The most controversial issues relate to abortion referrals or prescribing birth control.
CMAJ September 16, 2014 186:E483-E484; published ahead of print August 18, 2014
Religious groups, doctor’s organizations, ethicists and abortion rights advocates are raising concerns around the review of an Ontario policy that outlines, among other things, physicians’ right to object to patients’ requests for services on moral grounds.
The College of Physicians and Surgeons of Ontario’s Physicians and Ontario Human Rights Code is up for its five-year review, with both public and expert opinion being sought.
On one side of the spectrum, faith groups and especially Catholic organizations are asking that the current policy – which allows physicians to opt out of non-emergency services they conscientiously object to – shouldn’t be amended.
While the policy covers any potential objection, the ones most discussed in the media have been related to abortion referrals or prescribing of birth control. [Full text]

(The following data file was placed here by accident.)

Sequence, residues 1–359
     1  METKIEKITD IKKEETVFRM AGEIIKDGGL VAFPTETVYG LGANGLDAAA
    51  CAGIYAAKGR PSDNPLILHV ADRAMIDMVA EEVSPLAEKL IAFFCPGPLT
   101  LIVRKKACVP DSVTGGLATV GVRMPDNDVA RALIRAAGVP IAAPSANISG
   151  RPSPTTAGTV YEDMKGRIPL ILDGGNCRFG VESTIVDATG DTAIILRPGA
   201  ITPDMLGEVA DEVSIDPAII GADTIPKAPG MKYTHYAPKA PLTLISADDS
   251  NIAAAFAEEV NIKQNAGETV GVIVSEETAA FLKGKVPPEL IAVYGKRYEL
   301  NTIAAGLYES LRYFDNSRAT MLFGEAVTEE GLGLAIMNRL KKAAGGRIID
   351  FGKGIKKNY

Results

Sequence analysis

The Catholic Register
TORONTO – Silence from the public could cost Ontario’s doctors the right to deny non-emergency procedures, prescriptions and referrals which they morally oppose, warns the Canadian Catholic Bioethics Institute.
The College of Physicians and Surgeons of Ontario (CPSO) is conducting a regularly scheduled review, as it does every five years, of its internal human-rights code and is being pressured to modify the sections regarding denying services based on conscience.
“A lot of physicians feel strongly that they want these conscience rights protected,” said Moira McQueen, executive director of the Canadian Catholic Bioethics Institute. “We have been encouraging people… to write to CPSO to say keep the policy the way it is so that physicians do not have to prescribe something that they think is morally unacceptable. It usually is about contraception and abortion … neither one of those are truly medical emergencies.” [Full Text]